AZ Court Rejects Request For Dismissal Of Jabiru Aircraft Lawsuit | Aero-News Network
Aero-News Network
RSS icon RSS feed
podcast icon MP3 podcast
Subscribe Aero-News e-mail Newsletter Subscribe

Airborne Unlimited -- Recent Daily Episodes

Episode Date

Monday

Tuesday

Wednesday

Thursday

Friday

Airborne On ANN

Airborne 05.23.16

Airborne 05.24.16

Airborne 05.25.16

Airborne 05.26.16

Airborne 05.27.16

Airborne Hi-Def On YouTube

Airborne 05.23.16

Airborne 05.24.16

Airborne 05.25.16

Airborne 05.26.16

Airborne 05.27.16

AEA2016 LIVE Aero-TV: 04/27-0830ET, 04/28-1400ET, 04/29-1100ET

Sun 'n Fun 2016 Innovation Preview on Vimeo!

Sun 'n Fun 2016 Innovation Preview on YouTube!

Tue, May 15, 2012

AZ Court Rejects Request For Dismissal Of Jabiru Aircraft Lawsuit

Says Australian Company Can Be Sued In The State Of Arizona

An Arizona court said it will allow a lawsuit against Australian kitplane manufacturer Jabiru Aircraft Company to go forward despite the fact that it's headquartered on the other side of the planet.

The Arizona state Court of Appeals said that because Jabiru clearly understood that its kits were being sold in the U.S. through a dealer and distribution network, the lawsuit could go forward in Arizona. The company is being used over an accident in 2008 in which the pilot was fatally injured.

The Arizona Daily sun reports that the family of pilot Gerald Van Heeswyk of Marana, AZ, said he had completed his kit, which was sold by Jabiru USA Sport Aircraft in Tennessee, in 2007. It was first flown by a a test pilot hired by Van Heeswyk after it had passed its inspections, and then for several hours by the owner/builder. But during a flight on June 1st 2008, the propeller came off the airplane and it went down, resulting in the fatal injury.

Jabiru has no employees in Arizona, and a trial judge initially ruled that the state had no jurisdiction in the case. Jabiru's lawyers argued that the company's liability ended when the distribute received the engine in Tennessee, and that it had no way to know that it would wind up in Arizona. But the appeals court pointed out that the company had sold 61 products in Arizona the year Van Heeswyk bought his kit, including five engines, and that it was part of a "stream of products" that were specifically exported to final destinations in Arizona. Sales in the state amounted to 2 percent of the company's overall sales in that year.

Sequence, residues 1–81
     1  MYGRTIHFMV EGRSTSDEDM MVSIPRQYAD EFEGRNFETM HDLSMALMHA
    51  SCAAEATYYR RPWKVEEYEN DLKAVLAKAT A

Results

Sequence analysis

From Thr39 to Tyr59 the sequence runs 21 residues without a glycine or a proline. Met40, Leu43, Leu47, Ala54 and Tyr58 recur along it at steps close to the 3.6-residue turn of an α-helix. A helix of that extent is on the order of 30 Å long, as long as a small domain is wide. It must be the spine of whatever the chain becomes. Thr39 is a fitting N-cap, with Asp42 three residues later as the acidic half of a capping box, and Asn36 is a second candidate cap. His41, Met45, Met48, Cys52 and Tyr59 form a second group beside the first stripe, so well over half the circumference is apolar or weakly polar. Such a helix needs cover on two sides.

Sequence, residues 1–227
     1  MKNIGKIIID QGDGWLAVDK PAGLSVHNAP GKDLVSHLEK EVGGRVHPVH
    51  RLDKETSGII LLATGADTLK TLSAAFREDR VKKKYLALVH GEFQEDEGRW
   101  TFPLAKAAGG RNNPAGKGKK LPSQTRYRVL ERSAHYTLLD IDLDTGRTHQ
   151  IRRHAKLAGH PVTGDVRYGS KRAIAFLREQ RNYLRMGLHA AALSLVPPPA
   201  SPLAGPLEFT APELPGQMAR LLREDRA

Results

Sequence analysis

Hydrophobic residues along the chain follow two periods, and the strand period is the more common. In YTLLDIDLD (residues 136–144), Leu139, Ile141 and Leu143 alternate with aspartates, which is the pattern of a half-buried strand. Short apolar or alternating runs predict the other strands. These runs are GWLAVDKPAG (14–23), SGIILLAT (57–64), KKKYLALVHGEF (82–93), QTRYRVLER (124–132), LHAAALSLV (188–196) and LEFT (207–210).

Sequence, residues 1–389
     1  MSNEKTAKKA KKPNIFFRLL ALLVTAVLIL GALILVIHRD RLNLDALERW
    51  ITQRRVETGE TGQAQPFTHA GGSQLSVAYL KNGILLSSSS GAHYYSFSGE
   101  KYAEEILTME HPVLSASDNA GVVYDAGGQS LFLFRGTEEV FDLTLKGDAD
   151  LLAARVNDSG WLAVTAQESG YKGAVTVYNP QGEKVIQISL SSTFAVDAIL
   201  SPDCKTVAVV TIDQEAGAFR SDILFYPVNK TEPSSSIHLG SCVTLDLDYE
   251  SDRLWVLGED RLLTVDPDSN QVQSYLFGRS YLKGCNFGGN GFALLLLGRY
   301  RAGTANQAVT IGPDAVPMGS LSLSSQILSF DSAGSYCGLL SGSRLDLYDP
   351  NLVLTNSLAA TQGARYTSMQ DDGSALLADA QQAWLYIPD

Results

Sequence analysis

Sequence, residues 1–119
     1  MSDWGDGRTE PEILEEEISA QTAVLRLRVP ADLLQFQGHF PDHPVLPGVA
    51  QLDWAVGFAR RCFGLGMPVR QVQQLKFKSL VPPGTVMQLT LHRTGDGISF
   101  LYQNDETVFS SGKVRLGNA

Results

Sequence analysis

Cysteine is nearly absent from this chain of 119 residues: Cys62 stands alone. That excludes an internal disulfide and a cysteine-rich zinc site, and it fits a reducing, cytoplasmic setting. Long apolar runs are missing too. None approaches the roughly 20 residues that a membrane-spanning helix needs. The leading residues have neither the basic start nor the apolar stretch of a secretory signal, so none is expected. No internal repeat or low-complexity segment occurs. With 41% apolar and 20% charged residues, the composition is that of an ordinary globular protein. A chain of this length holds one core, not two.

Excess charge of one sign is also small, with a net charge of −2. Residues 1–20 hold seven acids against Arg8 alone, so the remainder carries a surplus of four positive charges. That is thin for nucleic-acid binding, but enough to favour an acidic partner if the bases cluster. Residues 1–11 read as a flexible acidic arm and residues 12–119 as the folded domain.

In the ruling written by judge Garye Vasquez for the panel that it could not ignore the fact that the Australian company receives the "bulk of the economic benefit from its sales in 'distant forums' such as Arizona."

FMI: http://azcourts.gov/AZCourts/CourtofAppeals.aspx

Advertisement

More News

Toledo Police Helicopter May Be Grounded

Department Seeks Grants To Help Keep Aircraft Flying The police department in Toledo, OH may be forced to ground its helicopter unless it is able to identify a grant for the $300,0>[...]

Bill Gordon Lost In Hudson River P-47 Ditching

Despite What Appeared To Be A Decent Ditching Effort, An Outstanding Pilot Was Lost The airshow community has suffered its second tragedy in nearly as many weeks as long-time warbi>[...]

Aero-News: Quote Of The Day (05.29.16)

"Putting the world's largest satellite constellation into orbit is an enormous task and Arianespace is ideally suited to launch the initial constellation, allowing OneWeb to start >[...]

ANN FAQ: How To Get YOUR News Out On Aero-News

Good News, Bad News... It's ALL News As the preeminent online aviation news resource out there, the editorial staff at Aero-News sees a large number of news releases. We look at al>[...]

Dubai-Based Business Jet Operator Enhances In-Flight Wi-Fi Services

Empire Aviation Group Selects Honeywell Technologies For Its Entire Fleet Honeywell has signed an agreement with Empire Aviation Group to provide its full suite of GoDirect connect>[...]

blog comments powered by Disqus



Advertisement

Advertisement

Podcasts

Advertisement

© 2007 - 2016 Web Development & Design by Pauli Systems, LC